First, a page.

Dr Pramod Yadgirwar, Senior Entomologist, Vasantrao Naik Agri-Biotech College, Yavatmal, feels that there are a variety of factors responsible for pesticide poisoning. Farmers are using more number of pesticide sprays without assessing the need if they really need those. Instead of using combinations advised by dealers or others, farmers should use recommended single-ingredient pesticides and they should go for integrated pest management, he stresses.

As far as the agriculture input business is concerned, Dr Yadgirwar points out that farmers are advised by dealers to use higher concentrated pesticides, which are poisonous. Farmers are not told about compatibility of pesticides, PGRs etc. Enhancers, PGRs, growth retardants, NAA (Napthalene Acetic Acid), micro-nutrients, Microbenzoate and other products are advised to farmers. After purchasing these products with blind faith in dealers, farmers use those in combinations but in less-than-recommended quantities to ‘make good’ the entire proportion. As the combinations are done unscientifically -- because of lack of proper scientific advise at the point of sale -- pesticides and other chemicals react with plants, pests, and humans too.

Temperature, high humidity also have their impact on the farmers engaged in pesticide spraying. Due to high heat, farmers do not wear protective clothes, and this increases chances of contamination. The use of ‘Chinese spray guns’, which are easy to handle but require pesticides in thrice the required quantity, also affects the farmers. If one starts spraying pesticides or other chemicals or combinations with ‘Chinese spray guns’, one cannot stop until the can on the back is exhausted of the liquid in it, Dr Yadgirwar observes.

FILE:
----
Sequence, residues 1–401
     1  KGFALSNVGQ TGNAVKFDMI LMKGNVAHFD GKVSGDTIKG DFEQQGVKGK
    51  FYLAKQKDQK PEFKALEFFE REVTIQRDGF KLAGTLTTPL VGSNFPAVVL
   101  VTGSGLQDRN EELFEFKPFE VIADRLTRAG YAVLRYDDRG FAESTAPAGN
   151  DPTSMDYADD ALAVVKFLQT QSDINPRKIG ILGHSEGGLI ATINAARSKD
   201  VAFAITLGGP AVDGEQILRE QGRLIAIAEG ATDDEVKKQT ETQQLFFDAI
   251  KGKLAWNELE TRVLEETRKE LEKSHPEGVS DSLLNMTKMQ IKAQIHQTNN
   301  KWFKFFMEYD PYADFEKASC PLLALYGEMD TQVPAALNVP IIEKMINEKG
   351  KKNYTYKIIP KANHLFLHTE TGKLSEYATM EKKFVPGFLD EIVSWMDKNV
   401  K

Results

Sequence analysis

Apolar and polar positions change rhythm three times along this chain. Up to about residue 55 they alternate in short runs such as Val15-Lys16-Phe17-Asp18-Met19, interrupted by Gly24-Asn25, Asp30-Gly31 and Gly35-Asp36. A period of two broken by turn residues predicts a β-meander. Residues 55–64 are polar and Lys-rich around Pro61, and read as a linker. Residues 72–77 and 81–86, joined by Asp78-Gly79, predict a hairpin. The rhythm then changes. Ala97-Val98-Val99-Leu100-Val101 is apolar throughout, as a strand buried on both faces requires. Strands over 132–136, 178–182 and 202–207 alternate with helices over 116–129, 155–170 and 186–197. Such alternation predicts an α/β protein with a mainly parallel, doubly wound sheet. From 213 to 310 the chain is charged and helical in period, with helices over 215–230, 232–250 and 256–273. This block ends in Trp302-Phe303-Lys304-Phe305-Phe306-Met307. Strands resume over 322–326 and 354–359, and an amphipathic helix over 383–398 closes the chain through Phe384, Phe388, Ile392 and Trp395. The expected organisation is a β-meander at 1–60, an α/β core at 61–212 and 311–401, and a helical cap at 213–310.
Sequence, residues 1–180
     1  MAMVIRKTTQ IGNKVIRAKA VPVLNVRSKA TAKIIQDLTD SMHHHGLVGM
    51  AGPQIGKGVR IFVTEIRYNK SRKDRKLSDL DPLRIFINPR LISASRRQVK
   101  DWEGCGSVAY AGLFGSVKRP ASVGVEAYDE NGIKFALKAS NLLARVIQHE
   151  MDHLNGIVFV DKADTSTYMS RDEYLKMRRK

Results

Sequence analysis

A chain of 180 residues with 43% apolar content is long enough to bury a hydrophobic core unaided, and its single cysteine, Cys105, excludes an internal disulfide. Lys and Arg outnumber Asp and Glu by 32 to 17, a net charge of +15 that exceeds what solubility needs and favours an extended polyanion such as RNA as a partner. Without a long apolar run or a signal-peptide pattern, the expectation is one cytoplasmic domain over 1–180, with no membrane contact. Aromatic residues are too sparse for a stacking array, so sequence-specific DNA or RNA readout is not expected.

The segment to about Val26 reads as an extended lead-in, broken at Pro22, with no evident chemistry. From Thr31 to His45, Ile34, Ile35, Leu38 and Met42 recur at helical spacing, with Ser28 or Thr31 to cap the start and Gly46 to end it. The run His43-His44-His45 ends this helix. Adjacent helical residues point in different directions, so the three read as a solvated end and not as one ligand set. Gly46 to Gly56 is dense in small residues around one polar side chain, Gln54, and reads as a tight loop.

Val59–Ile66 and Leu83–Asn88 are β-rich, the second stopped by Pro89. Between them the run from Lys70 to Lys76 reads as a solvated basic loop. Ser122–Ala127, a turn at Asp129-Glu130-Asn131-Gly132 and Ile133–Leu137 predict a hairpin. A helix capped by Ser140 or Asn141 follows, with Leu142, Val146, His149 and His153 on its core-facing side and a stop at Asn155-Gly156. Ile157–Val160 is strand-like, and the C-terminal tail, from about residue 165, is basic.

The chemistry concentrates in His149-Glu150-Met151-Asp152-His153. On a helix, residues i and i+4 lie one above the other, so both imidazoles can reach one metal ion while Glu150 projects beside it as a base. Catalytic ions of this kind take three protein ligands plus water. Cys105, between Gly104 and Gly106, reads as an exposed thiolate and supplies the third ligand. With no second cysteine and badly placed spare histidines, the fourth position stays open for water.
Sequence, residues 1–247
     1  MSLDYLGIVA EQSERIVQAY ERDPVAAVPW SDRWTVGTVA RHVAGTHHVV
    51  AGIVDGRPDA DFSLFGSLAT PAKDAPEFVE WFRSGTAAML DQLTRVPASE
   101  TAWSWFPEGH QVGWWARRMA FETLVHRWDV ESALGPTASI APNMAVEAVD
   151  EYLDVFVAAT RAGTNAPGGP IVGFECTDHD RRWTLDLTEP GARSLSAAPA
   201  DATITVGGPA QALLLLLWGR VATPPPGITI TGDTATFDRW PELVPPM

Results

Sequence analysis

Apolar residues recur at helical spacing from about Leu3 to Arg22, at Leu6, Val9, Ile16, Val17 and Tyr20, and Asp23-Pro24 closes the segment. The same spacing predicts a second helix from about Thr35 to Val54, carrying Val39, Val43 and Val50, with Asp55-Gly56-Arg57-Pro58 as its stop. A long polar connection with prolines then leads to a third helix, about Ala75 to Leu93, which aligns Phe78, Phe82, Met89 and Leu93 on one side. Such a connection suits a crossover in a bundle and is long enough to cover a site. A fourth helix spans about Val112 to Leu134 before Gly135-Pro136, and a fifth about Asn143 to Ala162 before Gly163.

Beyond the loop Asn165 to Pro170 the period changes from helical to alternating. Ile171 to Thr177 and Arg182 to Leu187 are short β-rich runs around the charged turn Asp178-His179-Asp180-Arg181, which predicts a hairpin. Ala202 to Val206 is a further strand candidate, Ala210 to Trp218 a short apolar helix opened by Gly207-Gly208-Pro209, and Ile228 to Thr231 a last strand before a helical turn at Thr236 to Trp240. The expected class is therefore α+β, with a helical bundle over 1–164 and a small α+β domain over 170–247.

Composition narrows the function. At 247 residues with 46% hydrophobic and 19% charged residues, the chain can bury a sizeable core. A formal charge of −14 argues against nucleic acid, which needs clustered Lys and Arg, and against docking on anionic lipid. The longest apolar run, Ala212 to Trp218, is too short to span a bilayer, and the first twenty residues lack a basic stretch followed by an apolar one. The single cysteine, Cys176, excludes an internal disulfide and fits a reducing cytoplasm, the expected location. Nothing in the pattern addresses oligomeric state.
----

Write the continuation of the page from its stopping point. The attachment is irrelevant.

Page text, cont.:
Stating that pesticides like Neonicotinoids, which do not have anti-dotes available here, also are being sold in cotton belt, Dr Yadgirwar laments that most of the sellers of such poisonous substances are not knowledgeable. “Sellers need to have knowledge about pesticides or other products. Because, farmers are buying these products out of sheer faith in sellers. It must be made mandatory for sellers to attend awareness seminars every year at agricultural universities for updating their knowledge. They must know the positives and negatives of a new pesticide or chemical product,” he stresses.

Kishor Tiwari, Chairman of Vasantrao Naik Shetkari Swawalamban Mission, strongly demands that the Government should impose a ban on sale of ‘unnecessary products’ like PGRs. “Dealers are more into selling and increasing their profit margin even at the cost of farmers’ lives. Else, they would not have sold what is not required by farmers. Dealers advise and strongly recommend sale of combination pesticides, PGRs, stickers, enhancers, some chemical for flowering, some for good leaves, some for good cotton bolls and what not. Besides, non-technical persons are getting dealership licenses.

They just do business, earn money, sell products and then say their responsibility ends once the product is out of their custody,” he elaborates. According to him, the Government needs to consider all these points while framing action plan. The picture that is made from the observations of these people is very scary. It reveals that the unaware farmers are becoming victims of pesticide business. But, there is more to the story...